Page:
While a very effective blitzer, Shazier does not offer much in terms of rushing the passer. From a technique stand point, Shazier does not use his hands well and has serious trouble disengaging from blockers. Once a lineman gets his hands on him Shazier is often washed out of the play and put on his backside by bigger and more powerful players. Outside of a straight speed rush, Shazier does not offer an array of moves to get past lineman. If the path to the quarterback is not clear, Shazier will struggle to get there. Again, it is a matter of coaching and putting in the time to improve. Shazier has some upside as a potential pass rusher, he simply must improve his strength and bulk, while putting in the work to clean up his technique.
Ryan Shazier is a weakside run and chase linebacker. His best schematic fit will come in an aggressive blitz heavy 4-3 defense like the defense that Jim Johnson ran in Philadelphia or Greg Williams ran in New Orleans. Shazier does have a similar body type and style of play to Daryl Washington who has thrived at the “will” inside linebacker spot in Arizona’s 3-4 defense, but as referenced earlier, adding strength and bulk will be a necessity if drafted to a team that runs a 3-4. In the end, Ryan Shazier is a football player, he has a nose for the football and will make plays no matter what defensive scheme he lines up in.
|Fri, Aug. 30||vs. Buffalo|
|Sat, Sept. 7||vs. San Diego State|
|Sat, Sept. 14||at California|
|Sat, Sept. 21||vs. Florida International|
|Sat, Sept. 28||vs. Wisconsin|
|Sat, Oct. 5||at Northwestern|
|Sat, Oct. 19||vs. Iowa|
|Sat, Oct. 26||vs. Penn State|
|Sat, Nov. 2||at Purdue|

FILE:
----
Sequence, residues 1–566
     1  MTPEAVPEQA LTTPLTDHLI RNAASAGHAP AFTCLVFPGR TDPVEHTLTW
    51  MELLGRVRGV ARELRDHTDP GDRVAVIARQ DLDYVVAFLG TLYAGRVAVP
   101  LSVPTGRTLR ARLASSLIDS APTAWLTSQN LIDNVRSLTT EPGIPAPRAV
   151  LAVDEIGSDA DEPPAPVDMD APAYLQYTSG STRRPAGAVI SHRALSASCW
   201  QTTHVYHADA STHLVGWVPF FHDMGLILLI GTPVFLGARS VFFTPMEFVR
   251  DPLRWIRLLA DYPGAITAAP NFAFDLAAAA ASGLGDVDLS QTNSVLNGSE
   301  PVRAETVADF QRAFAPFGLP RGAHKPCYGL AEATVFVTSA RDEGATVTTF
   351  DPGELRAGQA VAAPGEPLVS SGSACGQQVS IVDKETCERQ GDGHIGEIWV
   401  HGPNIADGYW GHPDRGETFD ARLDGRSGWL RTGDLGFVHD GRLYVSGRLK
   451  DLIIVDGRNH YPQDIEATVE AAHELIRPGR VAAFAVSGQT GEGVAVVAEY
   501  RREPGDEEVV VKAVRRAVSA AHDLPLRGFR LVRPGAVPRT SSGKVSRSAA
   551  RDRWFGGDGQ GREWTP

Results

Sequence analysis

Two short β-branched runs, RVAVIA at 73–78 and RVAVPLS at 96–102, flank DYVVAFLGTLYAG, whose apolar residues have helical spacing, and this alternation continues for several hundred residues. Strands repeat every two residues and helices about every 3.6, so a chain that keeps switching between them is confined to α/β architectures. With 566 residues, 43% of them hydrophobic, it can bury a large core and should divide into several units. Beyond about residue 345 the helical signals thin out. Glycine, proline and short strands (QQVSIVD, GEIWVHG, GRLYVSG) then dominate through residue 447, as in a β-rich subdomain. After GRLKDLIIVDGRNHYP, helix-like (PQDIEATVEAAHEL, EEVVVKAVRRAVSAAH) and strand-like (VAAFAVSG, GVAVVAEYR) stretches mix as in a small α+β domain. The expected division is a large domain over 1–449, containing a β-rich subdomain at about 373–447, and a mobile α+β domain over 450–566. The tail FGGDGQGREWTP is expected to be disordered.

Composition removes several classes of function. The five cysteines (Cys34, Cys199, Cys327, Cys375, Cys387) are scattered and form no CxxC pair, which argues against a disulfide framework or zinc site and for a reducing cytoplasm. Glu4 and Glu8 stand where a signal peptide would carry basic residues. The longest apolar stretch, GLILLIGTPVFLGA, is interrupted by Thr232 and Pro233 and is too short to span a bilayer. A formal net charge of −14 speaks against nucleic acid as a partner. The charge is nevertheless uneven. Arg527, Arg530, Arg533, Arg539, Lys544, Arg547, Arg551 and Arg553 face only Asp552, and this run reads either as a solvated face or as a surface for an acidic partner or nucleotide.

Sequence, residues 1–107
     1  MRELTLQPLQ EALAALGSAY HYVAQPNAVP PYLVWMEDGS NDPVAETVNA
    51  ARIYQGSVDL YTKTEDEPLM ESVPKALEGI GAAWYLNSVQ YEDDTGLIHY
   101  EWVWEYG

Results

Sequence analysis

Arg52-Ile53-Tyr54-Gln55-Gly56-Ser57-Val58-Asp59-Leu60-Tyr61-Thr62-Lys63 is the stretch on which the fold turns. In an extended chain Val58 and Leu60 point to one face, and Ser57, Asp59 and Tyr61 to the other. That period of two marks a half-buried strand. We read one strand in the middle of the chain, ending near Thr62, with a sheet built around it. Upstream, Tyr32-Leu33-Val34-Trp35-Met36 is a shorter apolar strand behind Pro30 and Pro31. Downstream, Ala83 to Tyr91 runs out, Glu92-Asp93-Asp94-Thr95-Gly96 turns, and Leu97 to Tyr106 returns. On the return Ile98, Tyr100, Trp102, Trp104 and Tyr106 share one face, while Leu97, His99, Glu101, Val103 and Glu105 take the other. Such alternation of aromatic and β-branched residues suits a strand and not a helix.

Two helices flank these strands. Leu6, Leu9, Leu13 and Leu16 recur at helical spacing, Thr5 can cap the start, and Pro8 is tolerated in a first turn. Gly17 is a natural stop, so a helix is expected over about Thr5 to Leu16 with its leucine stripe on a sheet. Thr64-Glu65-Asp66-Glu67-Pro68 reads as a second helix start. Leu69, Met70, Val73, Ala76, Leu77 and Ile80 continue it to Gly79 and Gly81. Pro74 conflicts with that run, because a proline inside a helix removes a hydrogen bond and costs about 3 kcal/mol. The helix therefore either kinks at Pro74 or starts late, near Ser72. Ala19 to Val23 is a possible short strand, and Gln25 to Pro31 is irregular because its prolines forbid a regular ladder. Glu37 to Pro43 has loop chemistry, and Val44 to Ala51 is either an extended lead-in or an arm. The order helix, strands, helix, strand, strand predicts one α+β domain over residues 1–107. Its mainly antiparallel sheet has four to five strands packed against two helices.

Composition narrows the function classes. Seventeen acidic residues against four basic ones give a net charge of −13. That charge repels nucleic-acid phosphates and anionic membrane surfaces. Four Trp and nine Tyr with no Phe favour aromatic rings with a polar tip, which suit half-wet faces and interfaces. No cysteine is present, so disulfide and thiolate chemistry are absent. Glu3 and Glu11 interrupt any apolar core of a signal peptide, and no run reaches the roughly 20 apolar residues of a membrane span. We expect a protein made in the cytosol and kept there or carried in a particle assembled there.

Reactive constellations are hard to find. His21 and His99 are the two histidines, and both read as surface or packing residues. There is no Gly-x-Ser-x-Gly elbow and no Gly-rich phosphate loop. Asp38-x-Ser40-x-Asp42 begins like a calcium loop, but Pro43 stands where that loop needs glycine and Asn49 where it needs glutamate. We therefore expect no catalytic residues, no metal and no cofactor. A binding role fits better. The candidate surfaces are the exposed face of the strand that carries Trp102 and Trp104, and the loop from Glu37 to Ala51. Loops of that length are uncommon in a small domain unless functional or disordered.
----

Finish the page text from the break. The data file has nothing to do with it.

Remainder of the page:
|Sat, Nov. 16||at Illinois|
|Sat, Nov. 23||vs. Indiana|
|Sat, Nov. 30||at Michigan|
While the Buckeyes do not face a terribly challenging schedule, they do have some intriguing match ups for Shazier to test his skills against. Obviously, the Michigan rivalry is always the most anticipated. But the Wisconsin game should present a strong challenge for Shazier as their powerful straight ahead running game is a tough match up for the speedy playmaker from plantation, FL. Dual threat quarterback Kain Colter for Northwestern will likely be shadowed by Shazier when the Buckeyes travel to Northwestern in early October, same goes for Illinois quarterback Nathan Scheelhaase.
The similarities between Ryan Shazier and former TCU Horned Frog and current Arizona Cardinals inside linebacker Daryl Washington are plentiful. Starting with their measurable, both players stand at 6 feet and 2 inches. Both players weigh around 230 lbs. Shazier, like Washington before him was a finesse player who thrived playing downhill and attacking the line of scrimmage. Each player has long arms and impressive speed to cover a large amount of field on any given play, and they both possess instincts and a natural feel for the position. NFL teams must simply hope Shazier is a better decision maker than Washington who is facing a 4 game suspension due to substance abuse and was recently arrested on a separate assault charge.
After a break out sophomore season, Ryan Shazier is looking to capitalize on his momentum and carry it over to another strong season in 2013. If he can establish a leadership role on the defense and help lead the Buckeyes to a successful season and clean up some of his deficiencies, Shazier could make some noise as a potential late first round pick. The most likely scenario is that while Shazier is a playmaker and tackling machine, linebackers who do not rush the passer are generally overlooked as first round picks and fall into the 2nd day. He will most likely land somewhere on day 2 and would be a surprise if he fell to day 3.